Enrollment Revenue Risk
In 2019, international students added more than 40% of the overall student revenue at some of Australia’s leading universities and an estimated AUS$37.6 billion (€ 22.4 billion; $24.2 billion) to the Australian economy. Presently, in the midst of the global coronavirus pandemic and heightened tensions between Canberra and Beijing, the success of the profitable business is at stake. The Mitchell Institute’s study showed that universities could lose up to AUS$19 billion within the next three years’ time period if Australia’s border closed completely for foreign nationals for the rest of the year, which the government has indicated is possible. The cost to the global economy may reach as large as AUS$60 billion. Even now, all universities are concerned about enrolment, how many applicants want to apply now, and whether there would be an unexpected decrease in the summer. How much of the total operational profits emerges from university?
Fig 4. Top Australian Universities Losses in 2020
Source: (Marshman & Larkins, 2020)
Federal Government Interdiction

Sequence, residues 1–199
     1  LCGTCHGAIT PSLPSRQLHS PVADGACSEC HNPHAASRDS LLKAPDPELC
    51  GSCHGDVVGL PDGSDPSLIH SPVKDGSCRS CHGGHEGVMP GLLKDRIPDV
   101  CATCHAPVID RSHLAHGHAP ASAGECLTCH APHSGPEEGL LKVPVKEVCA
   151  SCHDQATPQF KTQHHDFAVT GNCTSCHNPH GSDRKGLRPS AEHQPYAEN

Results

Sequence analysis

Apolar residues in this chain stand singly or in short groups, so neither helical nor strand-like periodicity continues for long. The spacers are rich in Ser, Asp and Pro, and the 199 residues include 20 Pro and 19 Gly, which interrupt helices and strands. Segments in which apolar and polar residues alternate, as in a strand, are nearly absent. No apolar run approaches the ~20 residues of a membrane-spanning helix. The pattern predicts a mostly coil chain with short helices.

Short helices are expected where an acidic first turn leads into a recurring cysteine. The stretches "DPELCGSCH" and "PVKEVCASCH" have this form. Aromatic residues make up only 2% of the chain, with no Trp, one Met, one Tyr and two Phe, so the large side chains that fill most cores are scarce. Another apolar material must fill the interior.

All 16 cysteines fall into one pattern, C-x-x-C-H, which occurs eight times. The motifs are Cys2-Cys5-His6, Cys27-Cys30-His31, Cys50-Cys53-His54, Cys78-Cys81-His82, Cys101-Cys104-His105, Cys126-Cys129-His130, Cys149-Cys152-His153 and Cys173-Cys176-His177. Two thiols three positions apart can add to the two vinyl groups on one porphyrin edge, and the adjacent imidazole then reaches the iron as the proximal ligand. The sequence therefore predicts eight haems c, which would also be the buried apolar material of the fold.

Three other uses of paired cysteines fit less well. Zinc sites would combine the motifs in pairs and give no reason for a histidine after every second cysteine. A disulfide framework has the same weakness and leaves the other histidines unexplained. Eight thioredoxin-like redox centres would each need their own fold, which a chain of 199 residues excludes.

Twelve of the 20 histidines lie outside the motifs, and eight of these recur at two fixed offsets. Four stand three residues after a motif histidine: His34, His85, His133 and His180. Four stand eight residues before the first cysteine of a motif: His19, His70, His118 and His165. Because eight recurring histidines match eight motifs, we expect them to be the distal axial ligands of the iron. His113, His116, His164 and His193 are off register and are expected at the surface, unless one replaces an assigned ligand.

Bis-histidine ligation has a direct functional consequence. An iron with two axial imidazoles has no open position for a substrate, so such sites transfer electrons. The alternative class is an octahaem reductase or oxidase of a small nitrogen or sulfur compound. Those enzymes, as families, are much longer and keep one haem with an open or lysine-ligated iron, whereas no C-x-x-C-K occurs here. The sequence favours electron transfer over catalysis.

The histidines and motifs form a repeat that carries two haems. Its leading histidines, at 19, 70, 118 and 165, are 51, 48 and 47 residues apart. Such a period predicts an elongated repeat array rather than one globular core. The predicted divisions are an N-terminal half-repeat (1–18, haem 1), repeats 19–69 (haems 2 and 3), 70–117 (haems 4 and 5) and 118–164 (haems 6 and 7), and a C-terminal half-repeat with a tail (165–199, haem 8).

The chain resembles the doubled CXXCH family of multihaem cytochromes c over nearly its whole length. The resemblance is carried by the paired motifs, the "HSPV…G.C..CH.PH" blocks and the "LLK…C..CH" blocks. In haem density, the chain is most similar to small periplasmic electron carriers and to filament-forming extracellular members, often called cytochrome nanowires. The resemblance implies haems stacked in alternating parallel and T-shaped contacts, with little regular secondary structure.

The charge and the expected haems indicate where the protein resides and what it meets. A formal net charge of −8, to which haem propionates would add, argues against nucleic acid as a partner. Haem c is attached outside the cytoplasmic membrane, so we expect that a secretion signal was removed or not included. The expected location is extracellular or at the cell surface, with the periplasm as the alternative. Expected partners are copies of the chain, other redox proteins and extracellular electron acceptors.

Nevertheless, the recent restrictions introduced by the federal government indicate that overseas students have been unable to come or travel to Australia, and thousands are expected to postpone or postpone their studies. About 68,000 of the 177,400 Chinese nationals with student visas were not in Australia at the end of March, so they were unable to resume from that date, led to a major loss to the universities who wanted them to enroll. In 2018-19, the Australian government released well over 142,000 higher education permits off-shore, although just a quarter of that amount is expected to be released in 2020-21. In addition, withdrawal from students attending courses, suggests that the amount of international students studying in higher education in Australia could decline by as much as half by mid-2021. It will decrease the income from tuition charged by Australian universities. The severity of the financial situation for all universities dependent on international student funding will intensify over the period of 2020-21.